Sometimes your perception of things is askew, things aren’t always how they appear. With that said, do your loved ones a favor and pay attention, don’t take anything for granted because by the time you finally realize there’s a problem it could already be too late.

We classify many different conditions and addictions as diseases in this country, which I can only assume is to make people feel better about overindulging, physically, mentally and of course financially. However, when it comes to depression we dare not speak of it in public out of fear of being labeled crazy, insane or mentally challenged in one way or another, hence the reason why we have such a problem with suicide in our country. This fact completely amazes and leaves me scratching my head in utter confusion. Needless to say, this has to change if we truly ever hope to rectify the issue at hand.

We ask each other, “How are you” but we don’t really want to know, we only do so to be perceived as caring individuals, of course not all but most for sure. God forbid they actually tell us their troubles, because then they are considered complainers and in our busy lives and hectic schedules we don’t have to for that.

We are programmed to act concerned and compassionate to our fellow humans because it’s the right thing to do, but the truth of it is that we don’t really want to be bothered. With the social stigma that already comes attached to depression, this way of being only makes it more complicated and risky for someone to feel comfortable enough to open up and honestly share what hinders them with us. We need to start being there for each other, and stop trying to hide from each other!

“Remember, sometimes a crowd is the loneliest place of all.”

Single Yellow flower in a field of grey ones

(Misconceptions) Walking a fine line, the razor’s edge…

Some say that suicide is selfish, which may very well be the case to those who’ve lost, but when someone feels lonely and abandoned who exactly are they being selfish to; at least that’s how they see it. Consider this, in their mind your loss is their gain, makes sense?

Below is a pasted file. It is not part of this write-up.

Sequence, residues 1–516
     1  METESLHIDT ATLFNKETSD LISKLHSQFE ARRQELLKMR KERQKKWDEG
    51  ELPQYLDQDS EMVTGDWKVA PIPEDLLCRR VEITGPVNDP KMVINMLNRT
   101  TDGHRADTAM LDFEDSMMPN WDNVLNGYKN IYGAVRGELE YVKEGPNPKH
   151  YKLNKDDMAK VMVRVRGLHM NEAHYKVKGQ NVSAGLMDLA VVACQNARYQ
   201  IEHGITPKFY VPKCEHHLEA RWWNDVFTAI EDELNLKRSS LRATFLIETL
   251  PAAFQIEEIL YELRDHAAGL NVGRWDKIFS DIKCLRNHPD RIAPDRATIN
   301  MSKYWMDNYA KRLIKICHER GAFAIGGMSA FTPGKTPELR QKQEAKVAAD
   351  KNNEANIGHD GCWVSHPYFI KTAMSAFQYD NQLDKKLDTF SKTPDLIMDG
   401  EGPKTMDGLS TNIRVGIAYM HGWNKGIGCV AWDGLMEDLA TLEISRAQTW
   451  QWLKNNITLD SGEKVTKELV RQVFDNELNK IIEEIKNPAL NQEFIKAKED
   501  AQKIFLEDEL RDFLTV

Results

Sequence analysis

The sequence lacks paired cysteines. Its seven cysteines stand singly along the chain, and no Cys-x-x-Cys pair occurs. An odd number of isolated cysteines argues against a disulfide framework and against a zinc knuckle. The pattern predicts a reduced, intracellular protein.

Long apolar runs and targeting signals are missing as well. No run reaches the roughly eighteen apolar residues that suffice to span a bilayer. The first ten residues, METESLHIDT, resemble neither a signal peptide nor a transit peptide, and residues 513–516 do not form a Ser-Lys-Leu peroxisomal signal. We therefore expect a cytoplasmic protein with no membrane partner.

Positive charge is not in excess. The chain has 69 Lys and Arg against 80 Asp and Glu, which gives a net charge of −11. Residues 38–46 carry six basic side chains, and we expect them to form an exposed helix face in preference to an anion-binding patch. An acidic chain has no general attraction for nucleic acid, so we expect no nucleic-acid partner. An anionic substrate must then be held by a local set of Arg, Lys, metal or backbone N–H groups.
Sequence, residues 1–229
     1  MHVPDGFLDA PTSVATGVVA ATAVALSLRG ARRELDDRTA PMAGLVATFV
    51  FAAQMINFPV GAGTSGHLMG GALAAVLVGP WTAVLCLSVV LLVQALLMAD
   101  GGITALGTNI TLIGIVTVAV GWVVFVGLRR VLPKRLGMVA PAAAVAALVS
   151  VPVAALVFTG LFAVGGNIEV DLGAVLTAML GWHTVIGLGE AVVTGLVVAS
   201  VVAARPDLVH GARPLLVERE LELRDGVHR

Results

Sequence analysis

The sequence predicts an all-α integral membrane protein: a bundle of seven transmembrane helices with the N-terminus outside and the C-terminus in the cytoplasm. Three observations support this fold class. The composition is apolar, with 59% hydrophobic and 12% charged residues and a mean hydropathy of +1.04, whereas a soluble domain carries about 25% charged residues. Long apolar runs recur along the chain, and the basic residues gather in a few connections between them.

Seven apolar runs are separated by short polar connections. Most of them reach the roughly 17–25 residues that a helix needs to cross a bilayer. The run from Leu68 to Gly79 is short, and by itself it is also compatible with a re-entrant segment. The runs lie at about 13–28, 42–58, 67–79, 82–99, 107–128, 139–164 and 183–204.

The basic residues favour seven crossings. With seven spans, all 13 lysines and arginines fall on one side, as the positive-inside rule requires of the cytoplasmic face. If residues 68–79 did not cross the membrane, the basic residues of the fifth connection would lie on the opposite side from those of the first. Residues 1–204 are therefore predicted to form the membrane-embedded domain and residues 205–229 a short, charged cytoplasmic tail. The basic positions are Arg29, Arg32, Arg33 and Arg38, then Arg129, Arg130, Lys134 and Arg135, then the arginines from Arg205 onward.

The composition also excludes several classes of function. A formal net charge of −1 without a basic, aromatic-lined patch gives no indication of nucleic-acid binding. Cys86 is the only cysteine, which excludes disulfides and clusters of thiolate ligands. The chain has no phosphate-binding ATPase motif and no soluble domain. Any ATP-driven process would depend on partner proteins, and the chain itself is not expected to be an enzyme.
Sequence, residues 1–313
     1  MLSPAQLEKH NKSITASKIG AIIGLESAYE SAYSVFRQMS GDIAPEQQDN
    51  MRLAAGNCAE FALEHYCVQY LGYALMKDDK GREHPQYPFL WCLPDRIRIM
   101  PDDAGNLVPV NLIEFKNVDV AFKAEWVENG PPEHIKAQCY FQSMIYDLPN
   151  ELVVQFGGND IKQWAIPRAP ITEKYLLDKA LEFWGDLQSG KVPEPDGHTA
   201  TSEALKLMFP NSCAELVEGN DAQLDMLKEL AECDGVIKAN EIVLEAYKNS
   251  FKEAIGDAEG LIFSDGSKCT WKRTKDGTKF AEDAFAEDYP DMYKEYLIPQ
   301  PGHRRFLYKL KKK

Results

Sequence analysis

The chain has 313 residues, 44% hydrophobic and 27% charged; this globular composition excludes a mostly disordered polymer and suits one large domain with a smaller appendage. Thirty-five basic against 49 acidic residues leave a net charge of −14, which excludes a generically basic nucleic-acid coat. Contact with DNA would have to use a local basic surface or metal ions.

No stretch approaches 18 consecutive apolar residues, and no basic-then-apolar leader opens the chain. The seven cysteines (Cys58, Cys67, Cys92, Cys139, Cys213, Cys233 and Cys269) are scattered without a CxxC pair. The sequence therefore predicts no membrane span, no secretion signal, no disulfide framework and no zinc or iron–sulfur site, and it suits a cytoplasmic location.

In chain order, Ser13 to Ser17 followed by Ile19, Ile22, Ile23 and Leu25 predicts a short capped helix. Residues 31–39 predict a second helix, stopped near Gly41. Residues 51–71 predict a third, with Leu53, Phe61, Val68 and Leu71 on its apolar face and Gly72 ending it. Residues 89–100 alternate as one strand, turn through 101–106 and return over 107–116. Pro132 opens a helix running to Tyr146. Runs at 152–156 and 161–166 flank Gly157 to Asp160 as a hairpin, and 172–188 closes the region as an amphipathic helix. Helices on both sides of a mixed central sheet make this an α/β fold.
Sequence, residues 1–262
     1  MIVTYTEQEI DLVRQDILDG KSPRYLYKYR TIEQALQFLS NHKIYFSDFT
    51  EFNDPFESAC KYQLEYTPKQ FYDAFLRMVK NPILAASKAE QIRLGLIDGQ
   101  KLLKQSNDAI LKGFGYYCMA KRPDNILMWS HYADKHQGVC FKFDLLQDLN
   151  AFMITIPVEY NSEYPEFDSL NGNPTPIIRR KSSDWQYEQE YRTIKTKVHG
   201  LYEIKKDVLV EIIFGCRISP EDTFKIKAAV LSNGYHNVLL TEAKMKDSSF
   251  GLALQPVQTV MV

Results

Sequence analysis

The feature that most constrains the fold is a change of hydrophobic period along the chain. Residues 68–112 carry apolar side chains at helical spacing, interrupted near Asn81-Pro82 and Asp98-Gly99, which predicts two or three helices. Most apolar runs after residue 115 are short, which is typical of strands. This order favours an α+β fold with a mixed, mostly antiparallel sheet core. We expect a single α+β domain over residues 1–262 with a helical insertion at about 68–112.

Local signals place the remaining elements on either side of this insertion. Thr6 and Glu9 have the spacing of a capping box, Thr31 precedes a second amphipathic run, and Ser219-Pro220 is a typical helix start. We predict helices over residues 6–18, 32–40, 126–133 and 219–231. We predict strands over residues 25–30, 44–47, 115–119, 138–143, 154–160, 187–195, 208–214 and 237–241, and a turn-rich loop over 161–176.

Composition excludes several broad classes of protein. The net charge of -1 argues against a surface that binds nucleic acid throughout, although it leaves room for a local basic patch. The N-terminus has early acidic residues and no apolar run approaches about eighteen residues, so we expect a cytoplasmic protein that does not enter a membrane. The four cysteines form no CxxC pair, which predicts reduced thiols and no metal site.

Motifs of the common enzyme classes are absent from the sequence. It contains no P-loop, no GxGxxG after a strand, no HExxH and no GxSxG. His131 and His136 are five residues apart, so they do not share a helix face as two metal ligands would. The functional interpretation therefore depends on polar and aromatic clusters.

The old adage, “time heals all wounds” may be true for some, but it is definitely not true for everyone. We’re not all the same, and you’d be wise to remember that. To quote the Diff’rent Strokes theme song, “Now, the world don’t move to the beat of just one drum, what might be right for you, may not be right for some”. More accurate words have never been spoken, and if someone tells you otherwise, feel free to let them have a, “What’chu talkin’ ’bout, Willis”? No one has the right to tell you how long you should, or shouldn’t grieve, regardless of the circumstances.

Some personalities choose to stew over their plights; it’s just how they were made. They let them slowly cook like a meal in a crock-pot, and unfortunately by doing this; their internal temperature rises and things eventually boil over leaving nothing more than a hot mess.

Without help and/or a healthy way to release this pressure these individuals could possibly find themselves in dire straits. The aforementioned “time” that is supposed to heal all wounds becomes a catalyst for disaster and ultimately ends up doing more harm than good. Moral of the story, don’t assume that the way you handle stress is the only and proper way of doing so, because those assumptions could be very costly to you in the end.